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WNP FEES!

Discussion in 'GENERAL Wireless Discussion' started by Gamer03, Aug 31, 2003.

  1. Gamer03

    Gamer03 Technology Aficionado
    Super Moderator Senior Member

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    According to this article that DandyDon posted from the AP:

    NEW YORK (AP) -- ..."Nextel has been charging $1.55 per month since October; Since the spring, AT&T Wireless has been charging some customers what it calls a temporary fee of $1.75. Since April, Cingular has been charging from 32 cents to $1.25 per month depending on the state. Verizon says it has not yet decided whether to levy a number portability fee. "

    ..."Nextel, which has already collected more than $200 million to cover various regulatory costs, said it has spent "more than $100 million" in preparation for portability, but has declined to quantify its expenditures. "

    ..."Verizon says it has spent about $60 million on preparations, and estimated its ongoing costs to facilitate number portability at 10 or 15 cents per subscriber per month."

    ..."Cingular's average fee of 50 cents for all regulatory-related costs approximates what Sprint collects for number portability alone."

    Neither Nextel, Cingular nor Sprint indicated any plan to stop charging for number portability.

    When will consumers stop making us pay these fees?

    I also heard that Sprint was taken to court by someone in San Diego, if I am remembering correctly?

    Will the other companies also get taken to court, since I believe it is not our responsibility to pay WNP fees?

    The San Diego article also mentioned about the lawyer seeking other companies consumers and having them post complaints and going to court?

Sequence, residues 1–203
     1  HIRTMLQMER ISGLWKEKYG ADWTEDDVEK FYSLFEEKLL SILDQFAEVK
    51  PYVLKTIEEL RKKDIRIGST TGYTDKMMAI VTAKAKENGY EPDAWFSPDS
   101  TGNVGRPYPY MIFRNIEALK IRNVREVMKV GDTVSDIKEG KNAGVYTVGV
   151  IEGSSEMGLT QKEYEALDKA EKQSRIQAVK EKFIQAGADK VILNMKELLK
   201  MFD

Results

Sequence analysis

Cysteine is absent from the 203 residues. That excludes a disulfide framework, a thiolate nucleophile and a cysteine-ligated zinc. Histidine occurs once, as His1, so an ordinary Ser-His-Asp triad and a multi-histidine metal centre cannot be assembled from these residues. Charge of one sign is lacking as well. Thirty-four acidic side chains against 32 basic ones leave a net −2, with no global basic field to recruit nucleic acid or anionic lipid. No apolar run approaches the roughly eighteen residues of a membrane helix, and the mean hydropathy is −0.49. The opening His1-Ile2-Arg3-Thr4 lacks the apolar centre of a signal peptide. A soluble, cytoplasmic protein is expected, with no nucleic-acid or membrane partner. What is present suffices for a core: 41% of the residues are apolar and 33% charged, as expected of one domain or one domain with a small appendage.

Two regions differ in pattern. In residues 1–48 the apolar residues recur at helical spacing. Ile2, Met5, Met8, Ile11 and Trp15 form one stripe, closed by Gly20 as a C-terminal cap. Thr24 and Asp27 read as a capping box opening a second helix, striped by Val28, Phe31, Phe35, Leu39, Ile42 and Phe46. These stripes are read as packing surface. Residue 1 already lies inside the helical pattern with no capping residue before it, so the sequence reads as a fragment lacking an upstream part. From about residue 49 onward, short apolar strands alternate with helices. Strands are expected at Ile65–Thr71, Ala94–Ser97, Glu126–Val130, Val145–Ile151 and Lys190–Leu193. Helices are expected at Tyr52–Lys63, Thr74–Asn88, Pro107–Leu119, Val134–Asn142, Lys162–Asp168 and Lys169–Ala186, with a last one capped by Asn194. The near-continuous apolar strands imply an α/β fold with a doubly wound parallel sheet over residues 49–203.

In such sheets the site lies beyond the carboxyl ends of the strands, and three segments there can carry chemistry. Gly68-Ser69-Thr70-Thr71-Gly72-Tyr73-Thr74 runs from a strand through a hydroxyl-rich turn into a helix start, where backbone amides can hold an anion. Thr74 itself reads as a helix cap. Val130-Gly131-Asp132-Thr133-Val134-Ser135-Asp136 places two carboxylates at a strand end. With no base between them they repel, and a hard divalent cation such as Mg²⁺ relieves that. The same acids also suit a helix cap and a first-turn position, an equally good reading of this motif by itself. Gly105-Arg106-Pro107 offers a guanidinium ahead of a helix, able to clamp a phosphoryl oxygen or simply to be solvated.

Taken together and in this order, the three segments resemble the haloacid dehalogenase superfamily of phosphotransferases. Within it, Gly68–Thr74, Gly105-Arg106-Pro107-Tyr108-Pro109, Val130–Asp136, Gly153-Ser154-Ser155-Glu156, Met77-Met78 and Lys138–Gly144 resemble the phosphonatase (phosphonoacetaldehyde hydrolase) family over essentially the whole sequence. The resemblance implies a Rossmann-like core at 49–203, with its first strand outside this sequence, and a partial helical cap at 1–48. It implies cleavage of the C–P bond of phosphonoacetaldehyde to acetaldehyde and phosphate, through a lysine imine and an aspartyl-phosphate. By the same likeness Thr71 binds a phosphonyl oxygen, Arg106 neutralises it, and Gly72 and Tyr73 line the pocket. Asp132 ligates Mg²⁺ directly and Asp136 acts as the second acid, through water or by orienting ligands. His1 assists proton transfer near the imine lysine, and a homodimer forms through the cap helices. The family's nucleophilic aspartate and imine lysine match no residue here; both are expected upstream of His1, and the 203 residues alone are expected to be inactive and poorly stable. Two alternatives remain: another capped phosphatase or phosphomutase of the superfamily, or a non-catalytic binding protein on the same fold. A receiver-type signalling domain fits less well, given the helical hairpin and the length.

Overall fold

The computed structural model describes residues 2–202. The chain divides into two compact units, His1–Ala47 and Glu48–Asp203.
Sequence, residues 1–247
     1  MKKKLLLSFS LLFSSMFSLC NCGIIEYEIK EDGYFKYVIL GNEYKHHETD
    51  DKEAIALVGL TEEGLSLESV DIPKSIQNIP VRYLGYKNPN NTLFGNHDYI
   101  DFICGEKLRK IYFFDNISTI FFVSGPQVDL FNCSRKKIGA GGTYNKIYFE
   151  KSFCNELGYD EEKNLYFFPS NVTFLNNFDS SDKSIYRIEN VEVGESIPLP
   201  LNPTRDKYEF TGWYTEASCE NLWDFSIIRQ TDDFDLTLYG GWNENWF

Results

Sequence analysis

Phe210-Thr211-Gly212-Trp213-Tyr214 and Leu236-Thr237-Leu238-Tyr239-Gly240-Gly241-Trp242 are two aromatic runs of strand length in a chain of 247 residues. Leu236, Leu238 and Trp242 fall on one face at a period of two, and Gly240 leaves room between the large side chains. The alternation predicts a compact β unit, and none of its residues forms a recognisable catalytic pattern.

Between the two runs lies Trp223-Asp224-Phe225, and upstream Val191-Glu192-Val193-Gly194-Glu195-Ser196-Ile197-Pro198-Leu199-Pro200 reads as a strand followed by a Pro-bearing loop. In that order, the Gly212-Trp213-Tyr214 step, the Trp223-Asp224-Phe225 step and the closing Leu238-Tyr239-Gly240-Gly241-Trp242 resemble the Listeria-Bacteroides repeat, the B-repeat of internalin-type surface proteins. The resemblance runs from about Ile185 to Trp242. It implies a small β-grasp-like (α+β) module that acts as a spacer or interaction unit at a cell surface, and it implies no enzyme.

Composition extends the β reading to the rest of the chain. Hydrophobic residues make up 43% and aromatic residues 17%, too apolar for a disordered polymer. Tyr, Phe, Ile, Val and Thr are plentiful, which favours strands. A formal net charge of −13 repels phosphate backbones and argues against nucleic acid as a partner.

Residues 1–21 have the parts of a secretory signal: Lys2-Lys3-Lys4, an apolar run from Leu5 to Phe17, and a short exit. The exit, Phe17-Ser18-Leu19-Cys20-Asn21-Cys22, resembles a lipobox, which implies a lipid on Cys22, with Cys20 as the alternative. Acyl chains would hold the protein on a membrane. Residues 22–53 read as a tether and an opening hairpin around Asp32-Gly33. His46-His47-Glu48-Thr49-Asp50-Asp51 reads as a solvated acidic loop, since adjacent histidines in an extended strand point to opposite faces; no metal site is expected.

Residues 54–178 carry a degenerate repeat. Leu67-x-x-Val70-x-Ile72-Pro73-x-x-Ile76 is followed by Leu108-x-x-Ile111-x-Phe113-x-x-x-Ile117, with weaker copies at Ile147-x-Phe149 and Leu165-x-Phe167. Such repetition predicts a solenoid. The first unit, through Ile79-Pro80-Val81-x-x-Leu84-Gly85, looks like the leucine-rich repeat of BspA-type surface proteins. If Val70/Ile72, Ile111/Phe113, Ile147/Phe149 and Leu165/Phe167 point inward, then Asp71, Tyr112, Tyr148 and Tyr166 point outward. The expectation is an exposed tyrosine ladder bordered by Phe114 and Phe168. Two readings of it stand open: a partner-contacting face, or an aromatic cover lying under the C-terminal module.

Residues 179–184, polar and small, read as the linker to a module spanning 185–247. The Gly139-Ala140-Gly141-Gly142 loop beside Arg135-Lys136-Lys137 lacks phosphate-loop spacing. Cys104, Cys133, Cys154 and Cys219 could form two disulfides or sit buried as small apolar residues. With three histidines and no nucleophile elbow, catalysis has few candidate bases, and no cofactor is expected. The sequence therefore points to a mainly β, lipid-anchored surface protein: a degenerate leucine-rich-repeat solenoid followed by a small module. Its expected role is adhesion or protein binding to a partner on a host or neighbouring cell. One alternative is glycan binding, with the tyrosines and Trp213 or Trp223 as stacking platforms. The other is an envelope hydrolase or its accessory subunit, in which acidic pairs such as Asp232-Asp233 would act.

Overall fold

Please advise, and correct me if I am wrong.

    Thanks.
     
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  2. ZaphodB

    ZaphodB Signal Go Down De Hole...
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    Unfortunately for the lawyer (who must be stunad if he's taking this to court), the fine print always says that the company can assess fees on an as-needed basis. He's got no leg to stand on. Whether it's right is beside the point (after all, one would think that the costs of doing business would be rolled into the price)...

    ...now, if this is the case where Sprint were taken to court because they claimed it was a "tax or government fee" (which it isn't, since it's imposed by the carrier, not by the government), then that's different and they were forced to change the description on the bill.
     
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  3. tylerdurden

    tylerdurden Senior Member
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    News flash: even if they aren't specifically itemized on your bill, you're going to pay the fee one way or another. The consumer pays all taxes, fees, etc in the end, even if not directly.
     
  4. A999

    A999 Junior Member
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    The fee is permitted by the FCC since it is used to recover costs associated with complying with the FCC mandate. The reason Sprint is in the news on this one is that some believe they are charging more than what is needed to recover costs with compliance to the FCC WNP mandate. I have to agree that Sprint is charging quite a bit and it is suspicious.

    However, compliance with WNP will take billions of dollars (collectively across the industry) because billing systems, networks, MTSOs, and the like must all be enhanced, updated, and in some cases rebuilt. The FCC has given the ok for wireless companies to assess this fee because of the high cost of compliance. Customers, however, must be notified of the fee (usually on their bills) and how much the fee will cost. Most contracts stipulate that you cannot terminate service based on fees assessed to recover costs associated with compliance of government mandated services, such as WNP. Note however that wireless companies are not required to charge the fee. They may recover the costs of WNP through rate increases or absorb the cost through their budgets, but WNP is so expensive that it would be difficult to do.
     

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